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Posted: Aug 22, 2011
Summer students present first results on 'nanoscale origami'
(Nanowerk News) This summer, imec welcomed 4 students from John Hopkins University (JHU), a world-class university in Baltimore, US, for a research internship of 10 weeks in the field of bioelectronics. These internships coincide with the announcement of a scientific story on nanoscale origami that has resulted from the internship of the first JHU visiting student in the summer of 2009 with a follow-on program last year. In this work, an approach is presented that allows generating precisely patterned polyhedral nanostructures, envisaged for optical and biosensing applications.
JHU-imec exchange project
The students – both graduate and undergraduate – learn to design, fabricate and test a wide range of biomedical devices at imec. One of the internships is part of a collaboration that is ongoing for two years. In January 2012, the first student from imec will have the unique opportunity to work with researchers from the Institute for Nanobiotechnology at John Hopkins University. The overall exchange project is enabled by the International Research Experience for Students (IRES) program, which is funded by the National Science Foundation. These internships are very valuable as they contribute to the learning experience of the students and enrich the research activities of both imec and JHU. Besides this project, imec has an agreement with Olin College, US, to exchange students for intensive internships at imec or Olin, and has plans to extend its collaboration with other top universities and institutes in the US.
In addition, we present a scientific story on 'nanoscale origami' that has resulted from the internship of the first JHU visiting student, Michael Keung, who worked at imec in 2009 and 2010. The work has been published in a special issue of the journal Small, vol. 7, n°14, July 2011, and an image from the paper was selected as the inside cover image. The paper results from collaboration between imec and David Gracias' group at John Hopkins University. Michael Keung has since completed his M.S. in Engineering.
Scanning electron microscopy (SEM) images of the patterns (a-hollow squares; c-alphabet; d-dice-like; e-f-g-SSRs) and folded cubes.
'Nanoscale origami' enables the creation of 3D nanostructured devices for optics and biosensing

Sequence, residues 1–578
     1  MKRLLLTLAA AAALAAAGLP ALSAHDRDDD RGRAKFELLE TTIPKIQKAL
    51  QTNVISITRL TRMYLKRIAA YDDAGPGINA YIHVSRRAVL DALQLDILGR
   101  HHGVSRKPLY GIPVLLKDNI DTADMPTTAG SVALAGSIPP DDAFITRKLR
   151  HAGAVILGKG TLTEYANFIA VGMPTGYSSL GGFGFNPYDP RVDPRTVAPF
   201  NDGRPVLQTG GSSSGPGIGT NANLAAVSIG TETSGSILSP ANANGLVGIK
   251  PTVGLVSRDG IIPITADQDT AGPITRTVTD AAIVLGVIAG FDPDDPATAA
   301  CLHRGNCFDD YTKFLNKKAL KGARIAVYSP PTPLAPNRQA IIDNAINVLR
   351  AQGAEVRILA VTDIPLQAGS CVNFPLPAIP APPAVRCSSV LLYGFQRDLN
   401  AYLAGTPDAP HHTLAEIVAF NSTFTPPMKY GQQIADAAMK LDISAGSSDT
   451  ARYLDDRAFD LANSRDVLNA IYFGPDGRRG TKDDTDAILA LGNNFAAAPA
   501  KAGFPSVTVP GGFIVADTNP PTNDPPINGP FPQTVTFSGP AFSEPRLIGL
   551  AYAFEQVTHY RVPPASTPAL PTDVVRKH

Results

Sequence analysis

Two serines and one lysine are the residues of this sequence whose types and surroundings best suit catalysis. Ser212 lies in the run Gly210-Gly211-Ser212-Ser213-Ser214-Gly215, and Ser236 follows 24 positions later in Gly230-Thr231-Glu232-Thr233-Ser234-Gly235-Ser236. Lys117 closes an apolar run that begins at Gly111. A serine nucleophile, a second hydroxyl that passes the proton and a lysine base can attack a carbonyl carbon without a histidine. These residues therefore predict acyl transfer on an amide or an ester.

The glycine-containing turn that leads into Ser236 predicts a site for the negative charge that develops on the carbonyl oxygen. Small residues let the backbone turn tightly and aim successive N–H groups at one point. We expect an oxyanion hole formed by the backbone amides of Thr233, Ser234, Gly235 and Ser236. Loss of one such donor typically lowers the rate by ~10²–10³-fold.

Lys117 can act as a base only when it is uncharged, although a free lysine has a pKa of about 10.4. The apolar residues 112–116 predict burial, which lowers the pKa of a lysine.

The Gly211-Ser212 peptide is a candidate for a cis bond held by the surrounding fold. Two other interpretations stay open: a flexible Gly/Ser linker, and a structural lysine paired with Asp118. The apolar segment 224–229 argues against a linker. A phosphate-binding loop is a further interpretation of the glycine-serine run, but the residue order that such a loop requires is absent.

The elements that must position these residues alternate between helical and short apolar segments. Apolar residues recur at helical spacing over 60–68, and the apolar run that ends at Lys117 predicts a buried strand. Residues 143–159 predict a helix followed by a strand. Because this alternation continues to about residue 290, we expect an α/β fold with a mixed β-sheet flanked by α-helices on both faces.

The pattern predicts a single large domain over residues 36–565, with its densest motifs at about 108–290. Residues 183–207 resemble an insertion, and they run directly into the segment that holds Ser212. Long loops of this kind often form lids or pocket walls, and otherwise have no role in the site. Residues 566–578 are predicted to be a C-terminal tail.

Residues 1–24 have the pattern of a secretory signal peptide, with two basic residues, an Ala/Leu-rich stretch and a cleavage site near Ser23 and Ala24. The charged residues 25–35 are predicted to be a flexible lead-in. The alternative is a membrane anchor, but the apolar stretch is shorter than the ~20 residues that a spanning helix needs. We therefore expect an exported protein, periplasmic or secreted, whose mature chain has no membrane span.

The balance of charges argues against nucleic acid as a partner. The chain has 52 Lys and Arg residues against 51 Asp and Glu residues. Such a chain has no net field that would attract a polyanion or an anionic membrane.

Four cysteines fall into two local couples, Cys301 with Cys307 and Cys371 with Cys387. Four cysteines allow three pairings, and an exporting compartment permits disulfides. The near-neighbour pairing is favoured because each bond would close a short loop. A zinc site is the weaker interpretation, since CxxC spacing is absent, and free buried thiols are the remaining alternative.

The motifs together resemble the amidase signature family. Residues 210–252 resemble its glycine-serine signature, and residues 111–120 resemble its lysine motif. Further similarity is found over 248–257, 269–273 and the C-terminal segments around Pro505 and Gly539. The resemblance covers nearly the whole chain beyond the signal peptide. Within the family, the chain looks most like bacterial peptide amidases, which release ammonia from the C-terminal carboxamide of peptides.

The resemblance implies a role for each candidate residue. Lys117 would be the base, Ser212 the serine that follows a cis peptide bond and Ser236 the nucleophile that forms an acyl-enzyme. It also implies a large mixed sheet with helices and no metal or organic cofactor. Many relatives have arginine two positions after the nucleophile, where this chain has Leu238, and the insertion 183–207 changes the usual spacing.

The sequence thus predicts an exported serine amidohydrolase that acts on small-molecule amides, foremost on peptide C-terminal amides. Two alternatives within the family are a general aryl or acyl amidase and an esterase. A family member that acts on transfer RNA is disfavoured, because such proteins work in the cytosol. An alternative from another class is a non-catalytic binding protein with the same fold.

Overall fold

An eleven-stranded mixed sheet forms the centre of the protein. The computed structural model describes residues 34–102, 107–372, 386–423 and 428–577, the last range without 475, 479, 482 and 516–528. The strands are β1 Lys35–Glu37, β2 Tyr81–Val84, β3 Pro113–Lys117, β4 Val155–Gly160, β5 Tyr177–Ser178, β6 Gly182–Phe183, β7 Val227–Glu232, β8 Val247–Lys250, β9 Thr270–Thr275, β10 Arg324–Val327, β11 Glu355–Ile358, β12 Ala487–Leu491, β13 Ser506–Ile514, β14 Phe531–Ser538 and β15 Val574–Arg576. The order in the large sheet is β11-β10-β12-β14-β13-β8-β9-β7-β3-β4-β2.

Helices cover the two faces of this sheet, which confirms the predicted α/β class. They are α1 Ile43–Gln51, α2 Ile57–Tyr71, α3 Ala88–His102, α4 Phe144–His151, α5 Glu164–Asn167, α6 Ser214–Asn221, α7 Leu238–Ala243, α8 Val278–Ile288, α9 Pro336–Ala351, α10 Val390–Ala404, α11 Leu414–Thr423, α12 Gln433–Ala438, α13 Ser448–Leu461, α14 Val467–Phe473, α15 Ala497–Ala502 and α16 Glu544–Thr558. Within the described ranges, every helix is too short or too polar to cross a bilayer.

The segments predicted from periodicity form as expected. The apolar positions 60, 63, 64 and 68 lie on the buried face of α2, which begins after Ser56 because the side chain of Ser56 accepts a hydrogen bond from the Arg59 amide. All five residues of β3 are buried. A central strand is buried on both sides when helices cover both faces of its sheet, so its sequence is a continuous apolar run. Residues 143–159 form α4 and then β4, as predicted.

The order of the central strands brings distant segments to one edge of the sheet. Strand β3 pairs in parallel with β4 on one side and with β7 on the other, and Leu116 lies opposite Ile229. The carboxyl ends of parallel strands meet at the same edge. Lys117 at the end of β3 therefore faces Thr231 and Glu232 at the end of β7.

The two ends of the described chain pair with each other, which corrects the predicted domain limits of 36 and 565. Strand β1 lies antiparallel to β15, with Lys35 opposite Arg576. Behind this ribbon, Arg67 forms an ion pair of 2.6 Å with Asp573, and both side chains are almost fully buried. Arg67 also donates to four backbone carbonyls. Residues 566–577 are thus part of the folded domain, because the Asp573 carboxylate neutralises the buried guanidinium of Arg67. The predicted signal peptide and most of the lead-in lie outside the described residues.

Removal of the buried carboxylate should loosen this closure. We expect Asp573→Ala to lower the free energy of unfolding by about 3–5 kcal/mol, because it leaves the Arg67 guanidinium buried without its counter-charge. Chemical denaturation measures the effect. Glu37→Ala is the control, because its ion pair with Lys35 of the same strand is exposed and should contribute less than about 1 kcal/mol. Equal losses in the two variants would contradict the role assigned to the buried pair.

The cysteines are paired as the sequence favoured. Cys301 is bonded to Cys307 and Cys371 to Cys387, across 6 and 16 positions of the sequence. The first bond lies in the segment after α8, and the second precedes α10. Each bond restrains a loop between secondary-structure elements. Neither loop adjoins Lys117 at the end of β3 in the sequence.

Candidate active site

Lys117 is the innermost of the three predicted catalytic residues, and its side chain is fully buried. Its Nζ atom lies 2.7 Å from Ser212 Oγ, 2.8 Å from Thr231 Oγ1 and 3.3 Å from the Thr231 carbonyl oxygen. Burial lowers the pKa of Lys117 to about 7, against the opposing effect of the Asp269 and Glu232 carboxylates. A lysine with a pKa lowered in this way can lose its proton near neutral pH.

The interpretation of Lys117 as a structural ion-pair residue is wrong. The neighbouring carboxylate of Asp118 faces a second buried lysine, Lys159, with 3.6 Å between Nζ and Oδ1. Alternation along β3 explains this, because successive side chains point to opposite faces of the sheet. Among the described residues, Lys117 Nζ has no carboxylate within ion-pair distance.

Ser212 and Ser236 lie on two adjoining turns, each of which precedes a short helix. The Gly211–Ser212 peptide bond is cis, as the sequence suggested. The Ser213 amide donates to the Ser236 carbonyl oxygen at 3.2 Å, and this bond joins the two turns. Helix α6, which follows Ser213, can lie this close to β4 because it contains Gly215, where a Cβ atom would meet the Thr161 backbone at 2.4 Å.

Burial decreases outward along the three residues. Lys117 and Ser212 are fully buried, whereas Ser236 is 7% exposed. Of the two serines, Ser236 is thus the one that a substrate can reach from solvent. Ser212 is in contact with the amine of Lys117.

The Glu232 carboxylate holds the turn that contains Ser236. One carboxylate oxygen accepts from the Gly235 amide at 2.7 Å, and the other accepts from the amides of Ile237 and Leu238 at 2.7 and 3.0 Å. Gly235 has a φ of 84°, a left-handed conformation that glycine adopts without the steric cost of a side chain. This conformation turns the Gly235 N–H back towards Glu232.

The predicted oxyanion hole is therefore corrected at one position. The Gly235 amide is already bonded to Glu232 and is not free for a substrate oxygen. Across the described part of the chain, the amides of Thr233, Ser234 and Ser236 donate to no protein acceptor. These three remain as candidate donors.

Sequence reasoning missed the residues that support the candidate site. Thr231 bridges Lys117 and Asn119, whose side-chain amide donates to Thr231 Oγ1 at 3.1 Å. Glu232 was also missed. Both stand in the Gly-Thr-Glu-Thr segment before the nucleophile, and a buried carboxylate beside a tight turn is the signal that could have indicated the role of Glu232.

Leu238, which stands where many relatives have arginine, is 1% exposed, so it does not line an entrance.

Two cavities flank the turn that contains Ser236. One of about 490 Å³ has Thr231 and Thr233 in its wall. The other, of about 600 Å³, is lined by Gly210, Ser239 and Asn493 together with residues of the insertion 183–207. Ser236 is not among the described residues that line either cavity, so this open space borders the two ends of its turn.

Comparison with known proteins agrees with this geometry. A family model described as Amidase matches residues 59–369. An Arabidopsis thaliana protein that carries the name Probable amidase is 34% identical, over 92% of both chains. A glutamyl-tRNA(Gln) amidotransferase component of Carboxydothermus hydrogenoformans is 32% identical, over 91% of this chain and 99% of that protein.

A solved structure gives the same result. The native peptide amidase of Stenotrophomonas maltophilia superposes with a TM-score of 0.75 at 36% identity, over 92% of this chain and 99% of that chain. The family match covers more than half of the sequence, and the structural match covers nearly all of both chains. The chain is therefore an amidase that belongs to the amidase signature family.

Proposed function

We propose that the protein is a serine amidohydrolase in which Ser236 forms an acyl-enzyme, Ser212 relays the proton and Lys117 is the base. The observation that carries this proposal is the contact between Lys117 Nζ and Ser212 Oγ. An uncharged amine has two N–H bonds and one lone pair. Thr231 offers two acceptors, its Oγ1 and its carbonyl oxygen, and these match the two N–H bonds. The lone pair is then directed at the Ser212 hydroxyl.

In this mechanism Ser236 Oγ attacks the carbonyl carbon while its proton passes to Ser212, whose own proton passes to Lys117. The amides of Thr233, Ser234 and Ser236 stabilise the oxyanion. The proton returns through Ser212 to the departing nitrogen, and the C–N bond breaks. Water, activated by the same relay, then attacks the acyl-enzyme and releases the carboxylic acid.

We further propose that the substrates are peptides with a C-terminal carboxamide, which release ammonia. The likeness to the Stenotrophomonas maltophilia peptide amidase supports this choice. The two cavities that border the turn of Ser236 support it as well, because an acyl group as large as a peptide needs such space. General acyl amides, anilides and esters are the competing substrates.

An origami-inspired approach is presented that allows generating precisely patterned polyhedral nanostructures. The method is based on the nanoscale self-folding of samples that have been patterned using electron-beam (e-beam) lithography. The nanoscale origami approach can greatly augment the capabilities of miniaturized optical devices and can be used for applications in biosensing. The technique has been demonstrated by the creation of structures with optically active split-ring resonator (SRR) patterns.
The novel approach allows precisely patterning optical or electronic elements in two dimensions and subsequently folding them up into three dimensions – just like the ancient Japanese art of paper folding. Transforming 2D patterns into 3D patterns presents a major advantage as compared to existing 3D nanostructures which have only very limited surface patterns. The method allows the creation of various polyhedral nanostructures with a versatility in the types of patterns, and are envisaged for optical and biosensing applications.
The overall process flow consists of first patterning in 2D the optically or electronically relevant features by using e-beam lithography and lift-off processes. After patterning, subsequent steps of e-beam lithography are used to define panels and hinges. Next, the structures are released from the substrate by using plasma etching of the underlying Si substrate. During etching, the heat generated by the exothermic etching process causes grain coalescence or reflow of the hinges. The hinges act as self-folds by generating a torque to rotate panels and create the 3D nanostructures. The fold angle can be controlled by tuning the plasma processing conditions. Sn was used as the hinge material and either Ni or Al2O3 was used as the panel material.
With this technique, geometric shapes, alphabets and three types of SRRs (with cube sizes 100nm and 500nm) have been patterned within a single Au layer. Patterns of Au SRRs are especially relevant for 3D optics. Reflection spectra of a folded nanocube with a single SRR patterned on each of the six faces was successfully collected by using infrared excitation. The expected polarization dependence is clearly observed. The researchers demonstrated another interesting functionality that consists in generating a unique plasmonic barcode on all faces. This allows seeing the orientation of the cube by optical probing and can be used as an optical gyroscope with plenty of opportunities for bioresearch. In the future, further experimentation is required to extend the nanoscale origami approach to other material combinations.